In about three weeks Ramadan ends and the Islamic World then moves into a celebration called Eid Al Fitr. A time of feasting and hospitality. The public sector closes down for Eid. But Katrina and I will be off to Europe for two weeks then, to go to a wedding in Switzerland and catch up with some people.

Friday, 13 July 2012

For Zanzibar food

Pretty much everyday since we moved into our house one or both of us have driven past the African food and coffee shop, for Zanzibar food. But why Zanzibar I hear you ask? Well for some centuries Oman was a maritime trading empire that included Zanzibar. For a time there were two Sultans one in Oman and the other in Africa. That all ended with an episode of fratricide and the Sultanate was re-united. There are many Omani's who can trace their ancestry and cultural heritage back to Africa. There are I understand people who live in parts of Africa that are or consider themselves to be Omani. Our suburb Al Hail North has strong ties in that direction.

Having seen how busy Zanzibar food is in the evenings we finally decided to go last night.  And boy are we glad we did, really nice and well cooked food that fed us to a standstill and cost, well not a lot! Even though the waiter talked us into some of the more expensive menu items.

Oh yum shrimp in coconut sauce a whole grilled and spicy herb encrusted fish, salad, muttabel dip, flat bread fresh from the making and a fabulous fruit cocktail. All for less than $20 Au.  We wobbled away from the table and had to go for a long beach walk afterwards.  Ahhh Mr Zanzibar food we will be back!!!!

Our Zanzibar food.

And drink

Of course we didn't help ourselves having dined at the club the night before.  I ordered an English mixed grill. No problem they said only to come back a while later and say, it's been so long since anyone ordered this that we don' have any lamb cutlets and veal kidney, do you mind if we replace the lamb with more beef and the kidney with chicken liver.  Hmm no problem said I (not really a lamb or kidney fan) so a bit of a win. Mind you I wilted when the plate arrived with more meat than a David can eat in a sitting.  But needs must.... Although the chips were left untouched.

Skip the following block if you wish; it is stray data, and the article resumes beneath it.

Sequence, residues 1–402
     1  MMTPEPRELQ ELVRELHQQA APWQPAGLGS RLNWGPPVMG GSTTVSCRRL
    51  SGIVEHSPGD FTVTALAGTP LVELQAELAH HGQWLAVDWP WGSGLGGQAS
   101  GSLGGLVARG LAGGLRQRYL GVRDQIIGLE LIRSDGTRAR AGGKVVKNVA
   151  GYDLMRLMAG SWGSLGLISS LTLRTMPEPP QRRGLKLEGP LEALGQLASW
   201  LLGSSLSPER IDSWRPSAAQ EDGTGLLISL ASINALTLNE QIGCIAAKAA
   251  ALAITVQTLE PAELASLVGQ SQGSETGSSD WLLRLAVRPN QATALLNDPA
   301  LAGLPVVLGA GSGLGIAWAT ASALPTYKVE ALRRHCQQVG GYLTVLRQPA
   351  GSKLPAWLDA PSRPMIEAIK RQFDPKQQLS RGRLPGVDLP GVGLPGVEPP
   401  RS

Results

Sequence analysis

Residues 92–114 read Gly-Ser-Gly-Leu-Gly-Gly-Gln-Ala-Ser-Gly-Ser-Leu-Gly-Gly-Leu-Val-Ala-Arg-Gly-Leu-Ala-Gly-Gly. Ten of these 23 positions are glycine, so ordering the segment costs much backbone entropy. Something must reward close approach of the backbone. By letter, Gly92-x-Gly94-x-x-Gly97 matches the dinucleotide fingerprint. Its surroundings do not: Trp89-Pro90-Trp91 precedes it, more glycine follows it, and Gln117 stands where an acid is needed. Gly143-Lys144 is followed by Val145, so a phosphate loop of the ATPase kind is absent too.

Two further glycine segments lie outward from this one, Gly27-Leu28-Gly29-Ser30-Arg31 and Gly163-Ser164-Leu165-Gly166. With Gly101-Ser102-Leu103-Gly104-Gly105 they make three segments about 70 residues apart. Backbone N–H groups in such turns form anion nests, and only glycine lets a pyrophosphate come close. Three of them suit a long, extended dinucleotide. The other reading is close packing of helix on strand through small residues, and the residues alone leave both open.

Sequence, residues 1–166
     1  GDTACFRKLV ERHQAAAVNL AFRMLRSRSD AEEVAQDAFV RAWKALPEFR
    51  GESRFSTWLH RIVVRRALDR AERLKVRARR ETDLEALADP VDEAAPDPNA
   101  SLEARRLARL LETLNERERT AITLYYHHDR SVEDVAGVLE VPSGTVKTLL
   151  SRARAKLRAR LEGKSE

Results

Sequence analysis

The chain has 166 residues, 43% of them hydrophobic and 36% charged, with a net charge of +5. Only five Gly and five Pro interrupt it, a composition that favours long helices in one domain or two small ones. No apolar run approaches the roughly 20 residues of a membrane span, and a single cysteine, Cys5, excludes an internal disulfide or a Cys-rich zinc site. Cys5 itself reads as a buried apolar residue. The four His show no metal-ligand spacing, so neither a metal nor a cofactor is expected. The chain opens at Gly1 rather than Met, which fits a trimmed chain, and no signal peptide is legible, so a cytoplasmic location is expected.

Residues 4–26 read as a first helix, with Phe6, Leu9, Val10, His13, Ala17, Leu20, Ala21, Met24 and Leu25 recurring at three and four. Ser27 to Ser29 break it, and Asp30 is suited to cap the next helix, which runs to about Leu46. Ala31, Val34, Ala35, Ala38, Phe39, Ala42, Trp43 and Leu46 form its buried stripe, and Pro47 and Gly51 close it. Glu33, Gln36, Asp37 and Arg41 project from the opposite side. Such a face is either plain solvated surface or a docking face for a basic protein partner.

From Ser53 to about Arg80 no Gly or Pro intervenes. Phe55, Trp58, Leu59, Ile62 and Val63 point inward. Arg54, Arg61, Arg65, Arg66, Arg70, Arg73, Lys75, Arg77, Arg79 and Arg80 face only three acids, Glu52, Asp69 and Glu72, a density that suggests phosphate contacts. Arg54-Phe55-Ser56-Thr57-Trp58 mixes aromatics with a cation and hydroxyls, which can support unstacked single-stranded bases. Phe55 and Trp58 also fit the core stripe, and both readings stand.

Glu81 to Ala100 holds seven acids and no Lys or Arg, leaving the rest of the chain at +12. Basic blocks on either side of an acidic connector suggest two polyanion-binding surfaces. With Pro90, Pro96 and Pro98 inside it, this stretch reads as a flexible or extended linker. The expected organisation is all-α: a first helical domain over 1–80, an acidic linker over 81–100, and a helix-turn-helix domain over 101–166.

My English mixed grill! Backed up by Katrina's Steak.
But that's enough of my most common sin - Gluttony!

All in all this last week has been pretty good.  I got lots of positive reinforcement and feel much better about life the universe and everything! So yay me, and tomorrow I head off for a week long tour of a number of the work places up towards the UAE.  Should be fun and just in time, because Ramadan is scheduled to start just after I get back. Methinks outdoor in the sun without the ability to drink may be a bit hard on this soft Westerner.

There's a certain buzz building about Ramadan.  A number of the guys have told me they look forward to it and feel better after the month of daytime fasting.  The radio has ads about Ramadan and the charities to help the needy that are a part of Ramadan.  Most of the food and drink places close during the day through Ramadan and I understand that includes malls in their entirety.  Although they will open for the evening and late into the night.

Eating and drinking in public is forbidden and transgressors can be fined.  Your motor vehicle is included as a public place.  So that is essentially anywhere where you may be seen breaking the fast between dawn and dusk.  Some food outlets are given permits to open during daylight hours through Ramadan, to service non-Muslims, but those permissions are few and far between and subject to licensing controls.

This will be an interesting experience for me, never having fasted. Not eating and drinking at work or anywhere in public through daylight hours, yet another new experience.

In the past week the weather has improved, its fallen down into the mid to low thirties and one night the high twenties.  A lovely relief which we and most of the locals grabbed with both hands. Off to the beach for walks up and down the sea shore for us. Dodging the joggers and fishing boats coming and going along the shoreline.  We walked at and in the waters edge, which also kept us clear of the numerous soccer games in progress.  The pitches had scraped out boundaries and in some cases looked to share goal mouths, so many and closely packed the games were.

Mid thirties, beach - ahhh that would mean humidity - you betcha! I tried to take some pictures of the thronging beach, but after about five minutes this was still the view through the camera lens..
Honest there is a beach, people and soccer games in there!

One of the things I find quite bizarre here is the dust haze.  It is omnipresent and means that most evenings you can look directly at the sun.  The blue sky is somewhat muted, but it also means that I don't need sunglasses very often and while you tan, sunburn is pretty hard to achieve.  So swings and roundabouts.